What Ghana needs is concentrating solar power (CSP) technologies for the market. This will permit the construction of solar plants of up to 160 MW generating capacity in the near future.
Even when there is, at present, no problem with the water level of Ghana’s Akosombo Dam, power failure still exists in the country. A week never passes without a cut in power from the national grid. Everything comes to a standstill when power fails. The break is so sudden and powerful that electrical appliances in many homes are broken. The government must begin to think seriously on how to make energy sufficient in a more efficient way.
With the discovery of oil, the government must direct more resources towards investing in solar energy systems. It is expensive for an individual to install the systems that provide solar energy. A self-contained house of between three to six bed-rooms will cost around 15,000 dollars to have solar energy as initial outlay, according to DANIDA whose efforts are directed towards providing solar energy in many houses in the North where sunshine is an abundant gift from God.
Our government needs to take a more serious look at solar energy. Once the solar project begins, organisations like USAID, SHELL, SIDA, DANIDA and FINIDA can be called in to help. The Nordic countries have a record of pursuing positive development in the developing countries even when it comes to promoting and developing solar energy as DANIDA is doing in northern Ghana. Shell has also produced solar energy for fifteen thousand homes in South Africa.
What we need in Ghana is a radical change in power policy. There is the need to privatise energy production and distribution so that the responsibility of importing solar panels and accessories will not be the sole duty of the Government. Towards that end, government can establish an autonomous body closely linked to National Utility, (the organisation responsible for the nation’s power control, water supply and sanitation). The government must appoint knowledgeable people who understand the benefits of solar and other forms of energy on this body.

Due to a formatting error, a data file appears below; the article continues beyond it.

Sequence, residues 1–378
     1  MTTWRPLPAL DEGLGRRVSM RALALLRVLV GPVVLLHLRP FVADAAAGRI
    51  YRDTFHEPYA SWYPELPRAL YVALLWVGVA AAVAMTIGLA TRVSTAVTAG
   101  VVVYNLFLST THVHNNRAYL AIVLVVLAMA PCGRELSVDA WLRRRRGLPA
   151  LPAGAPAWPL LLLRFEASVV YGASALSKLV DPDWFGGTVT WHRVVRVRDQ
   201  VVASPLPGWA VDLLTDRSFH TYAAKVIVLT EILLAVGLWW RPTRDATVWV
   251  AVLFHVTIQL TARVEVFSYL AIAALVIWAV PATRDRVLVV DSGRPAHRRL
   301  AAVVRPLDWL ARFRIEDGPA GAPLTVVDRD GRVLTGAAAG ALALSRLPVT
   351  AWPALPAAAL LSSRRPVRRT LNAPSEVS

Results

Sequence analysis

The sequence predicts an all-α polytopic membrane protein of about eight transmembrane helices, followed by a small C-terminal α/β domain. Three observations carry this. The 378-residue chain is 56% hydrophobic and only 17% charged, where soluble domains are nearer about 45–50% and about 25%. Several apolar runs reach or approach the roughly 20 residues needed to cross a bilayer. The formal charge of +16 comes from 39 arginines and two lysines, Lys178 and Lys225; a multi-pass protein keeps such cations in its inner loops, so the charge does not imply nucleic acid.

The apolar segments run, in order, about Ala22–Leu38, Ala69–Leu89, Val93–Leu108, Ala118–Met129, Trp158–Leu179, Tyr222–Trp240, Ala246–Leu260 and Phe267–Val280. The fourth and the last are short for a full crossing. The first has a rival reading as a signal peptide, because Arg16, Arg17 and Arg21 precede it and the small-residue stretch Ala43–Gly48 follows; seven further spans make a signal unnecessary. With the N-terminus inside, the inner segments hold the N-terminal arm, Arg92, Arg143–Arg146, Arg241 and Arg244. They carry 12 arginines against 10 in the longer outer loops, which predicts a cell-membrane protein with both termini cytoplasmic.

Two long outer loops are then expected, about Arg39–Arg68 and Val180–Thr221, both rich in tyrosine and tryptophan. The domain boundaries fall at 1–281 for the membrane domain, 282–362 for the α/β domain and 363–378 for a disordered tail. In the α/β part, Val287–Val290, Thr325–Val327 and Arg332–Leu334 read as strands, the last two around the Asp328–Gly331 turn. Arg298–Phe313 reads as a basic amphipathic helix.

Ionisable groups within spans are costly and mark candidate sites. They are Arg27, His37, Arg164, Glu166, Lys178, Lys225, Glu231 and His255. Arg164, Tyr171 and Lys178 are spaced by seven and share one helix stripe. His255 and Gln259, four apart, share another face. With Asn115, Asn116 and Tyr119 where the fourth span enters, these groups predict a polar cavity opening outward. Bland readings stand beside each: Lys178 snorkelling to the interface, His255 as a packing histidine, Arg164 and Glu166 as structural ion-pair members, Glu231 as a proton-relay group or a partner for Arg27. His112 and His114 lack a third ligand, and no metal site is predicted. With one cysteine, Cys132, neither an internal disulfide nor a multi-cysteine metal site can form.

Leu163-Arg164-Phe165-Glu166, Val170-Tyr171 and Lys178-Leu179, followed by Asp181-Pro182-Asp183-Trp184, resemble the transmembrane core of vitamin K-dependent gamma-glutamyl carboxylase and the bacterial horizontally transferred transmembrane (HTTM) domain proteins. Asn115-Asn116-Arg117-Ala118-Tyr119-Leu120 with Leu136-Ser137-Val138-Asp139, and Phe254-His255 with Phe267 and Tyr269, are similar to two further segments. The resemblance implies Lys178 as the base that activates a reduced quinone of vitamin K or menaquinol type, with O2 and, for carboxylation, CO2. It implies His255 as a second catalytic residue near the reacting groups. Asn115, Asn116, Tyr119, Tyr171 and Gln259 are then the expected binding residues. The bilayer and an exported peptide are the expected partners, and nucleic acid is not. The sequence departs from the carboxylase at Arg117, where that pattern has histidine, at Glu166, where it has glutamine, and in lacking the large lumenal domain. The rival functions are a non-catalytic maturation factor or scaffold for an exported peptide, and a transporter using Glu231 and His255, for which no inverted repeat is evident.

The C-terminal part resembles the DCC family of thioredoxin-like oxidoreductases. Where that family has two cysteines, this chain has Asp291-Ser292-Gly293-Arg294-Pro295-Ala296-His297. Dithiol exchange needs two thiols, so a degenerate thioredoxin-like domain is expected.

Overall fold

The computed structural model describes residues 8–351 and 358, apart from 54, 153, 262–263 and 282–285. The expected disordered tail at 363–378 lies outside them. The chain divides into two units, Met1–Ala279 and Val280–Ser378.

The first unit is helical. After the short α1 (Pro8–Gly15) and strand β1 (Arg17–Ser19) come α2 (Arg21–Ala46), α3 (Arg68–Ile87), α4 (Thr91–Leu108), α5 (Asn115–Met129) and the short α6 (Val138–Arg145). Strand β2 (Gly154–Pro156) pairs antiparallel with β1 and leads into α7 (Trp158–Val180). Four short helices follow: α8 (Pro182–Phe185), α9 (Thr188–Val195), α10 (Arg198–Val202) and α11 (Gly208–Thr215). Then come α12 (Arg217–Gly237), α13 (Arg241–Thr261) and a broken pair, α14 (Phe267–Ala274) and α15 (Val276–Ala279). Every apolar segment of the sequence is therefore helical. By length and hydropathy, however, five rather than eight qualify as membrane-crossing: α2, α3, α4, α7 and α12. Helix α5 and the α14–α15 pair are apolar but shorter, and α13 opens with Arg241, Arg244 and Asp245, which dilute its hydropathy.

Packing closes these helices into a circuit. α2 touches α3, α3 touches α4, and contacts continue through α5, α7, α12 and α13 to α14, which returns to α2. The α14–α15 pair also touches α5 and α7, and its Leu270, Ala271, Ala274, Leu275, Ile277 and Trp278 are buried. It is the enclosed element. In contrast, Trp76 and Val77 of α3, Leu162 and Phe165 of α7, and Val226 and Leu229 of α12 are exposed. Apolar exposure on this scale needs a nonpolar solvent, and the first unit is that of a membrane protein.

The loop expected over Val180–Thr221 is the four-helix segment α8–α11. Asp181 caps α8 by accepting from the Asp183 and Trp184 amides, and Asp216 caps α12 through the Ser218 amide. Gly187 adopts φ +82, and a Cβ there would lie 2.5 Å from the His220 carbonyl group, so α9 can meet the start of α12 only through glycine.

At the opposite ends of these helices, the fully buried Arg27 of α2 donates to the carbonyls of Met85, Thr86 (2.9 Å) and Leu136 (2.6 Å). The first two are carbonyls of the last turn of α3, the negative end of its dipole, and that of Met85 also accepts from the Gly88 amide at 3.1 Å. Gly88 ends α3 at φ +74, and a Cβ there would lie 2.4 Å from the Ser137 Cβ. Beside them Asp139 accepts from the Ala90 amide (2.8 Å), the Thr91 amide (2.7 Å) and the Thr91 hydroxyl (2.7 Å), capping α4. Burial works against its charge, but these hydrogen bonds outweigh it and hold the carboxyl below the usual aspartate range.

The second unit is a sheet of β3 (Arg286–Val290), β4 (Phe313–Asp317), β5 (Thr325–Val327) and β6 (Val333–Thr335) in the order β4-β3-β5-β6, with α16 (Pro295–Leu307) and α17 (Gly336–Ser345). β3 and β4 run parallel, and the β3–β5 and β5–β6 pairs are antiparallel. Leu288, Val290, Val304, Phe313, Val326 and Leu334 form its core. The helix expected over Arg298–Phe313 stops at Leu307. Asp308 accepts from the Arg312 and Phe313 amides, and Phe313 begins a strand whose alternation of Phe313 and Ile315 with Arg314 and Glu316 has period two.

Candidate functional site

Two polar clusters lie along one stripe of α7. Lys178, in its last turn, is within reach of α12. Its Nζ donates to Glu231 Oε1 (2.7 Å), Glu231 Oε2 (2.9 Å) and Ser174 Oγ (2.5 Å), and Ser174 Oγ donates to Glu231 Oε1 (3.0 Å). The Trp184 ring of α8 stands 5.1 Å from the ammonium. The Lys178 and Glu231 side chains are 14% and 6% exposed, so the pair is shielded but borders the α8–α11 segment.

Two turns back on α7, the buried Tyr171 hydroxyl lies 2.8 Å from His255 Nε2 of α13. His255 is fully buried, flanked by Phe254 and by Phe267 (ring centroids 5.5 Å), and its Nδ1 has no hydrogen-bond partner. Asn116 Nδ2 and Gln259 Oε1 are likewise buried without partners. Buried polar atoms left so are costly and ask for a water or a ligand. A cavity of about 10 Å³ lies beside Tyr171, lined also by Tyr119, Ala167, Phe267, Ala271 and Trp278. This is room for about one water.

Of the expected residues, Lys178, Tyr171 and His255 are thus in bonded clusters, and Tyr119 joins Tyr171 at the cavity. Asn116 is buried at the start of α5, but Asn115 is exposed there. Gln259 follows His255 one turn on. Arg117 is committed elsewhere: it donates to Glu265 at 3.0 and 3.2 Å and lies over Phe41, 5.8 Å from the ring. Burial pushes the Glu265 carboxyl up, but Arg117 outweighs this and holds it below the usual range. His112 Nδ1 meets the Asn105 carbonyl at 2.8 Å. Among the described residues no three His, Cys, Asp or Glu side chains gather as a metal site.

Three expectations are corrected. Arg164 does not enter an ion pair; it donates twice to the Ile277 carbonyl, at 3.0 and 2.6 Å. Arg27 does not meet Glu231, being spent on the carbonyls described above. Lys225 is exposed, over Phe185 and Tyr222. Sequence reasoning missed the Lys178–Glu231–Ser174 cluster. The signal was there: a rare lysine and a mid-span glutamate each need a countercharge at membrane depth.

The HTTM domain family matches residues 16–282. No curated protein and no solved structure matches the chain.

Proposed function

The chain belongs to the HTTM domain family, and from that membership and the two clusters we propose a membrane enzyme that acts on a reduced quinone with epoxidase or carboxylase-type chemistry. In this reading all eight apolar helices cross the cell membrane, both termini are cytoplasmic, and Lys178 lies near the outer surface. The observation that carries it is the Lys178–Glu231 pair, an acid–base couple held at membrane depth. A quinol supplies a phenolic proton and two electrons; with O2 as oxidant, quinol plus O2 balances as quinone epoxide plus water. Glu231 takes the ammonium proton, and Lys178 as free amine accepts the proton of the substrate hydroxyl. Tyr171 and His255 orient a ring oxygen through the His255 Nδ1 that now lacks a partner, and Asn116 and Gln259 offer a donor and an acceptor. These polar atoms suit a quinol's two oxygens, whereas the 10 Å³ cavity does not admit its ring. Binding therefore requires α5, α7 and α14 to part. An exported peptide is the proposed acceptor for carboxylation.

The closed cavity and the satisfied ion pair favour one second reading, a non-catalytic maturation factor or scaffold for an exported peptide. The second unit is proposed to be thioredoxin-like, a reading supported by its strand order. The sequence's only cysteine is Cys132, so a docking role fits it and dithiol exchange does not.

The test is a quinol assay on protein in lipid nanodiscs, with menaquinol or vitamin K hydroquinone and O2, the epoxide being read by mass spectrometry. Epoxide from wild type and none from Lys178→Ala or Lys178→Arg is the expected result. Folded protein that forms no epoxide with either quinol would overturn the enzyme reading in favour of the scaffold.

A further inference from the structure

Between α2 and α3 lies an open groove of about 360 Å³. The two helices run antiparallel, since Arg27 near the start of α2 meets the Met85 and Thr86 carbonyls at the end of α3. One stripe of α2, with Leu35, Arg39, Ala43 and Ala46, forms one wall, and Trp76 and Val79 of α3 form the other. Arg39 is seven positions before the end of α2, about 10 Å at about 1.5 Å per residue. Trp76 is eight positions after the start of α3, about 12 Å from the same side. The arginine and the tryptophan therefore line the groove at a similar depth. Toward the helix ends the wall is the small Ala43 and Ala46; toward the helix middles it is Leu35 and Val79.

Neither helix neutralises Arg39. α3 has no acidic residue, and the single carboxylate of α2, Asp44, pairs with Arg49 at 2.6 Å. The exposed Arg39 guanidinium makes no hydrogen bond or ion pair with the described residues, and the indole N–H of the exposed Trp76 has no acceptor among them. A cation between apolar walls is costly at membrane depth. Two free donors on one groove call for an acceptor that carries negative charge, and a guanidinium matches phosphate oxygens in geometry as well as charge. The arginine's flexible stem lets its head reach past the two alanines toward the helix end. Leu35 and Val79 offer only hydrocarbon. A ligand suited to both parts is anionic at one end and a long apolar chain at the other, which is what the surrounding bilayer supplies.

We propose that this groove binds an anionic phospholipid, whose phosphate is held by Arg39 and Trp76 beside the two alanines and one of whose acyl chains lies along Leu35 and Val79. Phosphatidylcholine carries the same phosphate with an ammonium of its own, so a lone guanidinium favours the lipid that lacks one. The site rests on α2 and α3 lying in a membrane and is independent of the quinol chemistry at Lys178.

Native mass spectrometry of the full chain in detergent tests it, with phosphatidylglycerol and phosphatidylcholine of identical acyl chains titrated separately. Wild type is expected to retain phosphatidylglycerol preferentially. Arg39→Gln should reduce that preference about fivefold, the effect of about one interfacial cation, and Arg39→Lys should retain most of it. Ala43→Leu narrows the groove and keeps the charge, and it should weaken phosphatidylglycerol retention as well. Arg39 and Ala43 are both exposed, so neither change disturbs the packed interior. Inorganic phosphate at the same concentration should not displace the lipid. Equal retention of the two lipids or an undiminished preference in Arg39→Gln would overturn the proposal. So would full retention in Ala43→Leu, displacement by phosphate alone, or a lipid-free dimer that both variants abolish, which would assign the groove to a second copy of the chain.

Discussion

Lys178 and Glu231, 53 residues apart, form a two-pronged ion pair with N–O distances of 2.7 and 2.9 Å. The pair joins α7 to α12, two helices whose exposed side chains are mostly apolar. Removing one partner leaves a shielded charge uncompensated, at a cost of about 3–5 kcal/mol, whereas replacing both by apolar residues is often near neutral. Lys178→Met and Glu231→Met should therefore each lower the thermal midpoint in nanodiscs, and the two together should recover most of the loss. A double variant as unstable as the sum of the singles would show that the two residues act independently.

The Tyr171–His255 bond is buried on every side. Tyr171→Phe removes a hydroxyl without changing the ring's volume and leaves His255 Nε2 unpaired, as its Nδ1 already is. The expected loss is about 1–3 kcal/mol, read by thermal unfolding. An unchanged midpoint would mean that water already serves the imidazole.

Sun power is an abundant and renewable form of energy that produces zero carbon emissions. Its impact on the environment is minimal. Solar Energy uses solar panels to provide electricity for homes and industries. Modern solar panels are a combination of magnifying glass and fluid-filled pipes. These are specially made to focus the power of the sun on the pipes behind the panels. The pipes carry a special fluid that heats up rapidly. They are painted black to absorb the heat. A roof is built to protect the reflective surface which, in turn, protects anything behind the solar panels.
The solar panels have photovoltaic (PV) cells which transform sunlight into electricity. PV cells come in many sizes and a variety of technologies. They can be mounted on a surface like wood. PV cells are fragile and therefore must be protected against physical damage. The PV cells must be wired together to create a solar array which will move on a single array.
Hydro-power dams are becoming a thing of the past. Some countries are breaking down their hydropower dams. In Ethiopia, for example, a campaign was launched which caused a break in the construction of a massive dam on the Omo river. Western countries have few months of sunshine, but they are even putting up and promoting solar energy. Sadly enough, all the governments that have come and gone in Ghana have closed their eyes to solar energy and still continue to build another dam at Bui. We live in a country where birds and lizards playing on electrical wires can join the wires together and cause power failure! What is worse, Bui Dam is being built on a national park which is home to many endangered species of animals. Many people will be forced to leave their farms and homes. Where will they go?